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Ezra Rosensaft of IDW: “Be a great listener”

“Be a great listener”. Over the past year I have been humbled by many people who know more than me — as I mentioned earlier, we are a team; no ONE person has all the skills — and I have learned the criticality of: don’t listen to reply, but rather listen to listen. As part of my series about the […]

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“Be a great listener”. Over the past year I have been humbled by many people who know more than me — as I mentioned earlier, we are a team; no ONE person has all the skills — and I have learned the criticality of: don’t listen to reply, but rather listen to listen.


As part of my series about the leadership lessons of accomplished business leaders, I had the pleasure of interviewing Ezra Rosensaft.

Ezra Rosensaft is the CEO of IDW (OTCPINK: IDWM), a leading media company with the award-winning IDW Publishing and IDW Entertainment divisions.


Thank you so much for joining us! Can you tell us a story about what brought you to this specific career path?

To give some background, after receiving my BA and then going on to get my MBA, I worked for “Big Four”, and then HBO for about 15 years. I joined the IDW family in early 2018 as the CFO, and then mid-2020 I took on the role as IDW’s CEO.

I’m afraid the details of my career path are rather bleak as it is pretty straightforward, (though both HBO and IDW as well as the TV industry in general, are anything but boring), but when I started in the industry after getting my degrees I dedicated myself and my time to it. Some people will test their passion for their career by veering off path and exploring other options — maybe to return, maybe not, but for me, when I started I was in it for the long haul, and that’s all she wrote. As I like to say, it’s not a job, it’s a lifestyle (though to be honest I often daydream that my background is something out of one of our comics or television series… don’t we all secretly wish to be interesting?) Frankly, I think it’s that “interesting” part that makes companies like IDW excellent. The people are all interesting and the chemistry and culture that I’ve had the privilege of helping build are amazing.

Our Chairman, Howard Jonas, is an amazing role model in that regard, for me on both personal and professional levels; I’m simply carrying out his vision.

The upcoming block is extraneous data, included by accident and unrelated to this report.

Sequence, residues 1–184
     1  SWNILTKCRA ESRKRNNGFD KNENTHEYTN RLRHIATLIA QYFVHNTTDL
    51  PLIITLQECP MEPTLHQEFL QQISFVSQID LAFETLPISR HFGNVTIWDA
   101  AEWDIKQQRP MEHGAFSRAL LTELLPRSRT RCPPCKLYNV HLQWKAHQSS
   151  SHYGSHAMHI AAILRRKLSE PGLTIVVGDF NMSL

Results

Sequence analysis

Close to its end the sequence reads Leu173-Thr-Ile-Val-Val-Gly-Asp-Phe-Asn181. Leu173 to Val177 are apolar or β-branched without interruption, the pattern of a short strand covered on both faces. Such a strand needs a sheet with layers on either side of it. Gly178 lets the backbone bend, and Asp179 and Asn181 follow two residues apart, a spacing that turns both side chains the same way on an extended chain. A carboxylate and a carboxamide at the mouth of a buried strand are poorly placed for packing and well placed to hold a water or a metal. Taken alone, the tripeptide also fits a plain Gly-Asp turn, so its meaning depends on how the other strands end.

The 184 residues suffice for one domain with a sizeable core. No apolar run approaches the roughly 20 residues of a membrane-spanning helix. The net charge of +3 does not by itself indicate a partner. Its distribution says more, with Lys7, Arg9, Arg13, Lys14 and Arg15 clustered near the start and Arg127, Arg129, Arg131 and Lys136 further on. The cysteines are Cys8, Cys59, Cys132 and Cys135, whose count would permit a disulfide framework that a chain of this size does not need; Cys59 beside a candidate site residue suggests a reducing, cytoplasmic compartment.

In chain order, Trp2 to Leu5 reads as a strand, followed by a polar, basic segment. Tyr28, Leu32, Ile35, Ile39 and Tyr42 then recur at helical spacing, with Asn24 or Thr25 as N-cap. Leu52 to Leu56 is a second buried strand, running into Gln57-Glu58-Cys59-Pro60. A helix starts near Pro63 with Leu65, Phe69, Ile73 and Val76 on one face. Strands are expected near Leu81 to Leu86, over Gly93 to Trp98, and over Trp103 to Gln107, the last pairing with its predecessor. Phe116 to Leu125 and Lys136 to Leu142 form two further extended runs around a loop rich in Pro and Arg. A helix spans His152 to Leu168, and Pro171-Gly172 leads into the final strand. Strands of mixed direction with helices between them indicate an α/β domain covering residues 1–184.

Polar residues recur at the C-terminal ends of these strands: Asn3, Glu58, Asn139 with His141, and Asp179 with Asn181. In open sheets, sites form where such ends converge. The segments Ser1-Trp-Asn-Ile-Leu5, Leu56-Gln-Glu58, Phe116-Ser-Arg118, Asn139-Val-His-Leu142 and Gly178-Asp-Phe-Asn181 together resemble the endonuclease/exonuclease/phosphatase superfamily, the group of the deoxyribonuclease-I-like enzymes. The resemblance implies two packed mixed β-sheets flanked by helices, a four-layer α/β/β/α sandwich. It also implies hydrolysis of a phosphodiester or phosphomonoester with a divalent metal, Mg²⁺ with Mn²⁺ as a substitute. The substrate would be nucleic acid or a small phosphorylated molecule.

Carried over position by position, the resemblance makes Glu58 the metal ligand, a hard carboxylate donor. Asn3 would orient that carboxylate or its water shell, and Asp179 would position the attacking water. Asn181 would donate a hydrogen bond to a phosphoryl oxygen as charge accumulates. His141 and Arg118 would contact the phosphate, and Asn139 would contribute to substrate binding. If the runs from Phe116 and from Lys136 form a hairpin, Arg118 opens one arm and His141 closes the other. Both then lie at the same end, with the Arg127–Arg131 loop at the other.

Where did you get the drive to continue even though things were so hard?

I think that most professionals hit certain obstacles throughout their careers that make them wonder whether they’re in the right place or not. Challenges are inevitable, so how you handle them is ultimately the deciding factor of your success. To this day, I continually remind myself that there is room for improvement, which has always been something that’s motivated me to push past any hardships that I’ve been presented with in my career. When things get tough, we have to remember that once the difficulty passes, the easier times are that much sweeter. Mindset is half the battle, so looking forward — even in the most difficult times — was half the battle, sometimes more.

So, how are things going today? How did grit and resilience lead to your eventual success?

Things are going to be great in 2021! Yes, I think we all need to force ourselves to be positive in the face of the past 12+ months. I now start each morning, the moment my feet swing out of bed by verbally stating “It’s going to be a beautiful day!” Perhaps the theme of 2020 was grit and resilience. Much like nearly every industry this year, the publishing and entertainment world was rocked by the pandemic and eventual lockdowns. We had to rethink how we approached all facets of the business. But we did it and we did it well. Though our book sales have almost doubled from last year (what do people do in a pandemic? Buy books.), it’s not to say that challenges have been curtailed by any means (books up, productions on hold — argh!) There’s still so much to work through, but these obstacles are what I am most thankful for. I’d much rather be humbled in the face of adversity than continue being comfortable and complacent.

Can you share a story about the funniest mistake you made when you were first starting? Can you tell us what lesson you learned from that?

One of my first months at KPMG (the Big Four firm I started with), the head of the practice saw me in the hallway midday and asked me if I had time to review something timely for a very large client (parent company of Mercedes-Benz, actually). I was a newly minted MBA, and I must have been on another cloud that day for some reason as I recall looking at him and stating “Sure, but later, Tony, I’m going to lunch now.” Literally. That was my answer. Only later that evening when I told a friend did she say “Are you crazy? He wasn’t really ‘asking’; he was telling you to do it NOW.”

I quickly realized that learning to prioritize — truly prioritize — is as essential in business as in the emergency room (I was a volunteer EMT in NYC for half-a-dozen years, so yes, having been in many ambulances and ERs, media is not as life critical, but nevertheless prioritization is essential).

What do you think makes your company stand out? Can you share a story?

IDW is unique because we do it all and we do it well! We’re a leading (growing) media company that provides the best of entertainment through our licensed brands like “Teenage Mutant Ninja Turtles”, and breakthrough IP like “Locke & Key”, while always endeavoring to be on the forefront of the latest trends across all platforms. We holistically evaluate and acquire IP for franchise development across comics and graphic novels, television, theatrical, games, merchandise and more.